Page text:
WOW, I’m still amazed. My Romanian born grandparents, she referred to herself as a Gypsy from the low lands. Grandfather blonde blue eyes, born raised the mountains and foothills of Russian Romanian border. He couldn’t read or write, spoke Romanian, Russian, German, Hungarian, and
    Some Hebrew. He was hunter fisherman who knows how many generations? His family traded with many people’s, had to learn how to deal with people. No internet for a quickie catch-up. She had coal black hair olive skin, raised nine kids in a different world. At 40, grandfather quit, “i old man I die soon”. He waited another 42yrs for that. Anyway, maybe you can point me where I need to go. Only track back to that Indiana area, mom’s dad Syester, German, 1700s. Not to many white ladies hanging around the drug store? European men have no Hang up with Indian women, common then. Pa 1 of 12 his dad married twice, first one died. Pa raised deep Indiana southern forests, still areas no man has ever been yet. Pa lived woods to many kids in small log home. He and brothers traded meat, wild herbs, and fish for what they needed, 5th grade education, a wiz with mathematics sad, who knows? He taught me all the ways and what’s safe and what kills. I made snare traps, rabbit traps, squirrels are easy to trap. Ever kind of fish mostly Channel cat fish. Birds everywhere. Woods have changed in Indiana, wild razor back hogs and hybrids here now. Coywolfs have been spotted, a hybrid grey wolf and coyotes mixed, a smart bold strong critter out there. Muchroom hunters caution, never go alone, carry a good knife and rope handy. Be smart, loud noises may run them off. Thanks for this peep hole into where I have to go. The DNA people want a fee for even assistance. None of that back ground fee garbage is brought out from kick off, poor business ethics. Oh well we all have to make a buck thanks again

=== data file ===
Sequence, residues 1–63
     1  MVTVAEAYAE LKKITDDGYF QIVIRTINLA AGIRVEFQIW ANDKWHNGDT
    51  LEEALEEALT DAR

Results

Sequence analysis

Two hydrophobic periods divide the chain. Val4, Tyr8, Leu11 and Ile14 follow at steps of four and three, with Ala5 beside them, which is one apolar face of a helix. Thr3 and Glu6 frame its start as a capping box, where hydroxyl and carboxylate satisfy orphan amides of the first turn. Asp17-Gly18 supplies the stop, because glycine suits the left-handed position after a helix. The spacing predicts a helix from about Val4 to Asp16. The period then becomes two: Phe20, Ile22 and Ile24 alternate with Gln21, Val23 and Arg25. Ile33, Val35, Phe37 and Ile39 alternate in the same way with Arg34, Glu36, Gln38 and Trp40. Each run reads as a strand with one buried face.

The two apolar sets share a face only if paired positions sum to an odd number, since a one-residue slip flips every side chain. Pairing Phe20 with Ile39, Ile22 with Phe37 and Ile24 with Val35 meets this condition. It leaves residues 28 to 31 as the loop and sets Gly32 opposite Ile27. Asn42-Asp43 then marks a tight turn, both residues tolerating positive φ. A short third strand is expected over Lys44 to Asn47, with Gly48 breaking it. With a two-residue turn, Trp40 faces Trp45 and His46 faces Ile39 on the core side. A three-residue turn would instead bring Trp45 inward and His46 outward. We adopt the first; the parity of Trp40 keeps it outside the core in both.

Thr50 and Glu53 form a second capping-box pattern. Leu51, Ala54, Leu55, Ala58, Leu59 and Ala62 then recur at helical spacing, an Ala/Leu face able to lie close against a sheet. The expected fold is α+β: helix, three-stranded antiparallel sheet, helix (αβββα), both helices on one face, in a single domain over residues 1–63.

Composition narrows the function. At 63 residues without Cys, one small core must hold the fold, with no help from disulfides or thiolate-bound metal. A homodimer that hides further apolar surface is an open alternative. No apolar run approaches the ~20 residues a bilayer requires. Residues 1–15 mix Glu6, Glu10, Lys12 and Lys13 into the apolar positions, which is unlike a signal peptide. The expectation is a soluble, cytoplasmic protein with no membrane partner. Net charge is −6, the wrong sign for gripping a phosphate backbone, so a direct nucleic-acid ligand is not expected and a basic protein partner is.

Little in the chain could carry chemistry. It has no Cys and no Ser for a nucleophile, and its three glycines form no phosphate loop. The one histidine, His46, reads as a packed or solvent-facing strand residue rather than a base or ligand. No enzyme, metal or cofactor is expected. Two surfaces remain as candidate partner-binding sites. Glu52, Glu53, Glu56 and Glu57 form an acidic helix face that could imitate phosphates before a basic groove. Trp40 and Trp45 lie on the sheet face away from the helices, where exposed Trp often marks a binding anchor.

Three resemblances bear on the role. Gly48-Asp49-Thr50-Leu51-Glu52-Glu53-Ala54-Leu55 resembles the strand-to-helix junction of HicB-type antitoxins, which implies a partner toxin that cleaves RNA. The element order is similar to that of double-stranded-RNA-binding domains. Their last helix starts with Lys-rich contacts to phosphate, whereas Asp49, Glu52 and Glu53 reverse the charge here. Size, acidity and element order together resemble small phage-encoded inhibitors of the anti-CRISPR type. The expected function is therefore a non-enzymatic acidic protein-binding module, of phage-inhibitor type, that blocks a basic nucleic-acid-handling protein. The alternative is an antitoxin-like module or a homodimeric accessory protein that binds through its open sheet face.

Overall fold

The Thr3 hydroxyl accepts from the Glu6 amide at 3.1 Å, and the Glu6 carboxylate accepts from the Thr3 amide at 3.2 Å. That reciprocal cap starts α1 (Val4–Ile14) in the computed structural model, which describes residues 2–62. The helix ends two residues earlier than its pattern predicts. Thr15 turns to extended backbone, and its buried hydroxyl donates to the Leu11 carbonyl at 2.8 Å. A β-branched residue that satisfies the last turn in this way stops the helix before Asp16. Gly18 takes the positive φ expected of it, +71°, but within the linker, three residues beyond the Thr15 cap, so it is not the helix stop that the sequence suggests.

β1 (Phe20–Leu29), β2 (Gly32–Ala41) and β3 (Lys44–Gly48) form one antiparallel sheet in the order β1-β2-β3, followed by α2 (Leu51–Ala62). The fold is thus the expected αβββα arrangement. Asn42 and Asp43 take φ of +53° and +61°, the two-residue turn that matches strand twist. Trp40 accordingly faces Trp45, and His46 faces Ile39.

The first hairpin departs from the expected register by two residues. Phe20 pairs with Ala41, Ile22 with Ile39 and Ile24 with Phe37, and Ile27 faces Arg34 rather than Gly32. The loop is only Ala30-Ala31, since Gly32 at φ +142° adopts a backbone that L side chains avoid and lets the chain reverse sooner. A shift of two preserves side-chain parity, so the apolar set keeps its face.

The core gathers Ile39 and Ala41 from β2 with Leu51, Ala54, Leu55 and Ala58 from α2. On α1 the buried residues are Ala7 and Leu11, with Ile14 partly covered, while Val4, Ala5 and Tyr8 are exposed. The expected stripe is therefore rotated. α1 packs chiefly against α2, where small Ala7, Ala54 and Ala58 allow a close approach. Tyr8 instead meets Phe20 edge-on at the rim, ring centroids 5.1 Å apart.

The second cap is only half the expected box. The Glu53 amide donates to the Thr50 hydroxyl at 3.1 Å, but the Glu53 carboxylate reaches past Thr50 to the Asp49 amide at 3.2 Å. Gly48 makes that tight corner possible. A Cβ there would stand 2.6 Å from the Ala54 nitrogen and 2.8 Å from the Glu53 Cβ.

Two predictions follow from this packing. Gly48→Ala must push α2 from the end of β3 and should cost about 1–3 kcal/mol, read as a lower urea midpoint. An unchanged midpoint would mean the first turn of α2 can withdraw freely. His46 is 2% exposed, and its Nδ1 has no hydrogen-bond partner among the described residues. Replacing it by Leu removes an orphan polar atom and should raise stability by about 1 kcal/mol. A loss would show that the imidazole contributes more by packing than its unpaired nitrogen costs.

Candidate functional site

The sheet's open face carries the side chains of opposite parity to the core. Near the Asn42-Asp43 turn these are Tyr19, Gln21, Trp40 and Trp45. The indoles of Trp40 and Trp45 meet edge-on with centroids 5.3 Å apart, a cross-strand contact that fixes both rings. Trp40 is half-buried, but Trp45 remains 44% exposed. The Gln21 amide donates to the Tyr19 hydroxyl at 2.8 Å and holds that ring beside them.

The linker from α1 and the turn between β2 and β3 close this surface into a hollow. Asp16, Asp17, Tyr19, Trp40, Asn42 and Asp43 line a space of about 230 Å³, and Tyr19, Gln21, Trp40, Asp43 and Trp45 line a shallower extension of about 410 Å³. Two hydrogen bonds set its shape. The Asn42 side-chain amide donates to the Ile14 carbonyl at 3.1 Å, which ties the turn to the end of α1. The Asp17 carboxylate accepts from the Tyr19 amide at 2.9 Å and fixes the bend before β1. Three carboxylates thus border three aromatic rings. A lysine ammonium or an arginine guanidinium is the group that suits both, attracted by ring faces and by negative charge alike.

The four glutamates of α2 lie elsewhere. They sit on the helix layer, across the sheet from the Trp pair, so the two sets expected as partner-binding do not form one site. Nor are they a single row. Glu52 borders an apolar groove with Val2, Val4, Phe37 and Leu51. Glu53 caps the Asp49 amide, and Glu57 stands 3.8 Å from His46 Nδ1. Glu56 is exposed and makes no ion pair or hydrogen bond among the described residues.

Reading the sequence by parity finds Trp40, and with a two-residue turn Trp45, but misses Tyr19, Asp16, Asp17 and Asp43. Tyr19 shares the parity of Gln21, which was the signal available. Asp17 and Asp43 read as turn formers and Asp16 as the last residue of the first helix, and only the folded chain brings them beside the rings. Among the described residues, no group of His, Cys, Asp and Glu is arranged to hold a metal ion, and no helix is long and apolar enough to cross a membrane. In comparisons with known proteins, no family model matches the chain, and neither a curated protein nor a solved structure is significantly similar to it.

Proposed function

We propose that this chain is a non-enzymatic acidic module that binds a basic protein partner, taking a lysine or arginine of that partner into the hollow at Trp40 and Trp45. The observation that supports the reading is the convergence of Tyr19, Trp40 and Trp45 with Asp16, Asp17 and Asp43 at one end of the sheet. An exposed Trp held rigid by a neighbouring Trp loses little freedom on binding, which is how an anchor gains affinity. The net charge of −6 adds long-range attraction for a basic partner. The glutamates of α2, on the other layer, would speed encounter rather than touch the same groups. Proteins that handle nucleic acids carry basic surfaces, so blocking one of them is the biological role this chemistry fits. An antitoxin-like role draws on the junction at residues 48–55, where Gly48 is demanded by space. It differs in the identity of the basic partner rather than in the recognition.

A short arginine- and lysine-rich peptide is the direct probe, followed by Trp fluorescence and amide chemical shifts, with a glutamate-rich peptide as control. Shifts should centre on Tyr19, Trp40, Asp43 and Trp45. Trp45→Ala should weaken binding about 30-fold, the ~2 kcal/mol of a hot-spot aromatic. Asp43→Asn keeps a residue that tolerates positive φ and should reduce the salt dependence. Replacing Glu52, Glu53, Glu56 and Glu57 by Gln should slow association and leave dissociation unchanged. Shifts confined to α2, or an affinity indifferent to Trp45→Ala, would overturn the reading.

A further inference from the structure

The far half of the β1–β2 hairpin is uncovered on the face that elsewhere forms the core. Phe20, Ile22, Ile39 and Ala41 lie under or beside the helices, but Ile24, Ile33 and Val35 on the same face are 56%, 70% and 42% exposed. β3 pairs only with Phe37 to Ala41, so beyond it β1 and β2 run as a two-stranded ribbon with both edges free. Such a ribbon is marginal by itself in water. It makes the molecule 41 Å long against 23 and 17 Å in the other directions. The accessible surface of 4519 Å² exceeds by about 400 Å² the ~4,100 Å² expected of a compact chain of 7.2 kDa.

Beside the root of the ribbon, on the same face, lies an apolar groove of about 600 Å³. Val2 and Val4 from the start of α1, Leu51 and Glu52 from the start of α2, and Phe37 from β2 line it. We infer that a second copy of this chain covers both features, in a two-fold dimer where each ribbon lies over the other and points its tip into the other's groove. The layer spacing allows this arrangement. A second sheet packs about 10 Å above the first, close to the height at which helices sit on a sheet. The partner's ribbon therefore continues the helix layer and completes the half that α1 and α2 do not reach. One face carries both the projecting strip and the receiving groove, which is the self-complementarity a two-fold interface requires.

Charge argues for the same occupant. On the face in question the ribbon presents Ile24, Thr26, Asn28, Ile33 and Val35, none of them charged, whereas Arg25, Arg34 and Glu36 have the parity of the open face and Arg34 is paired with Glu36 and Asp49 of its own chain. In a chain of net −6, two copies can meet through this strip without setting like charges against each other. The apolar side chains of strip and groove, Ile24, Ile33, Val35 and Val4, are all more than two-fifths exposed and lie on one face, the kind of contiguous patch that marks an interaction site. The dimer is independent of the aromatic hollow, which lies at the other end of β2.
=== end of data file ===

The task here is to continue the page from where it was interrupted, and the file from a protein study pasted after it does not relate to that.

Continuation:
6. Junk Bin February 3, 2017 at 11:38 am

    wonderful, why do not white male vets have their own special reps????? every other group have a spercial this and than. I thought that special treatment was discrimination and illegal under federal law

  7. David S Collings February 3, 2017 at 10:42 am

    Veterans from all areas need to have access to quality assistance. Living throughout the US, many lack resources to travel to major VA centers. Helping native Americans in their tribal lands is essential.

  8. Dennis Laughlin February 3, 2017 at 10:38 am

    As a VSO, I applaud this action. I live near the Pine Ridge Reservation, and grew up with Native Americans who served our country. I see familiar faces and names at the VA Healthcare facility I use. It would be my honor to assist any person or organization who chooses to become a VSO.

    • Dee February 4, 2017 at 6:20 pm

      Are u a VSO?

  9. Shopmaker, Stephen T February 3, 2017 at 10:25 am

    Wow! It is about time!

  10. fred thomas February 1, 2017 at 9:34 am

    Thank you for your information, it is always good to see how we all may help our veterans
    in their hour of need.

Comments are closed.

More Stories

  • Each year, the Veterans Day National Committee hosts the annual Veterans Day observance at Arlington National Cemetery. This year, 33 communities in 25 states and the District of Columbia will also host VA-recognized Veterans Day observances to pay tribute to America’s heroes.

  • Should brain injury caused by a blast wave from an explosion be considered distinct from a TBI caused by a physical impact?

  • The Community Catalyst Award will honor organizations for excellence in building solutions that improve experiences for the Veteran community.